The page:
In this remarkable book, comparative literature outdoes itself, becoming fully contemporary and transnational: Edmond innovates a genuinely global poetics that discovers the fullest cultural crossings among Chinese, Russian, and U.S. poets. Reading correspondences among Yang Lian, Arkadii Dragomoshchenko, and Lyn Hejinian, Bei Dao, Dmitri Prigov, and Charles Bernstein, among others, Edmond aims to give a field “still shaped by the history and conceptual and political structures of the Cold War” the resources to read the “appositional, transnational, and multicultural poetics of our current era”; its focus is contemporary poetry’s “common commitment to forms of strangeness,” which disallow old assertions of what unites or foreignizes the world’s populations. And its great advantage is a sense of literary culture equally powerful in its three languages, which translates to interpretive insight uniquely adequate to the world today.
Six contemporary Chinese artists (Liu Guofo, Guan Jing Jing, Yang Liming, Liang Qian, He Gong and Wu Jian) will be exhibiting works in an arts project conceived by Chinese poet Yang Lian and Dr Janet McKenzie (Editor: Studio International). The exhibition seeks to open a new page on contemporary Chinese Art, to move forward from the perception in the West of a contemporary Chinese art, based on many artworks that are in the view of Yang and fellow artists and intellectuals who experienced the Cultural Revolution at first hand, largely derivative of Western language and sources and failing to do justice to the diverse work being produced by artists who seek a deeper intellectual and spiritual standard in their work, a canonical basis for Chinese contemporary art.
The words transnational and globalization appear frequently within scholarship on contemporary poetry, but so far there have been few sustained attempts to narrate recent developments across more than two language-groups or geographical regions. … In the present era of pervasive budget cuts, curtailed language instruction, and increased productivity demands, who has the training, time, and resources required to engage in even more broad-based comparative research?
At least one person can now be said to fill the bill. Jacob Edmond’s A Common Strangeness: Contemporary Poetry, Cross-Cultural Encounter, Comparative Literature recounts the history of avant-garde poetry from the late 1960s to the turn of the millennium in the United States, the People’s Republic of China, and the Soviet Union/Russian Federation. Edmond concentrates on six figures: Yang Lian and Bei Dao, menglong shiren (Misty Poets) who defied Cultural Revolution-era restrictions on writerly freedom; Arkadii Dragomoshchenko and Dmitri Prigov, samizdat poets whose careers extend into the post-Soviet period; and Lyn Hejinian and Charles Bernstein, founding members of the avant-garde movement known as Language poetry. Throughout, Edmond shows himself to be thoroughly grounded in the relevant literary traditions, and whether a given poem is written in English, Russian, or Mandarin, he proves able to supply the kind of intensive, patient, erudite textual analysis that one associates with the Yale school back in its heyday.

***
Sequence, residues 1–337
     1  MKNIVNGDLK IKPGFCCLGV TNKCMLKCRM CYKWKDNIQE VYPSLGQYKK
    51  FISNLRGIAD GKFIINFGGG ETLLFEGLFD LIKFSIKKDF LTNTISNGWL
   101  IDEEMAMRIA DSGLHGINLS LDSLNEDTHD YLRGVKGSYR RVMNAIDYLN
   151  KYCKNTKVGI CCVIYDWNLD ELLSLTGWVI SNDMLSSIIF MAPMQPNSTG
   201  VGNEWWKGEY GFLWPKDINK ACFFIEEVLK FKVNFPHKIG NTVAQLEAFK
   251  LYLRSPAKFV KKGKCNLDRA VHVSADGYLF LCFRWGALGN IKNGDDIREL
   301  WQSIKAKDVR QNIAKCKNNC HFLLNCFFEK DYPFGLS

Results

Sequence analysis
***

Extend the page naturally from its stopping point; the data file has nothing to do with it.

And Lisa Samuels’s “Bridges Across Silos“:
Jacob Edmond’s refreshing book focuses on concerns common to avant-garde poetry and comparative literature, specifically poetic material produced primarily in the 1980s and 1990s by six writers from China, Russia, and the United States and comparative literature’s interest in negotiating dialectics between self and other. Edmond’s introduction indicates his interest in sighting a ‘third alternative’ to Maurice Blanchot’s 1971 concept of ‘common strangeness’: Edmond wants to write within zones ‘between the common and the co-man, between speaking of others—of exile literature, modernism, or world literature—and speaking to them: responding to how we can know or write about each other in the first place.’ … The book stays true to the dialectical energy promised in its introduction. That energy shifts its sails in relevant directions, and it consistently concerns matters both brought forward and presumed as background to this work.
While many comparative literary studies have used textual and contextual analysis to examine authors and literary movements so as to show commonalities and differences, Edmond employs a different methodology. The domestic political and literary contexts, although a constant presence in the background, are only lightly sketched, and focus is directed on the concerns that have shaped the work of these authors in the world, as members of a transnational poetic community. Translation is yet another diffused activity that touches upon the selected creative and conceptual practices, providing an extra motive for gathering these poets together in this book.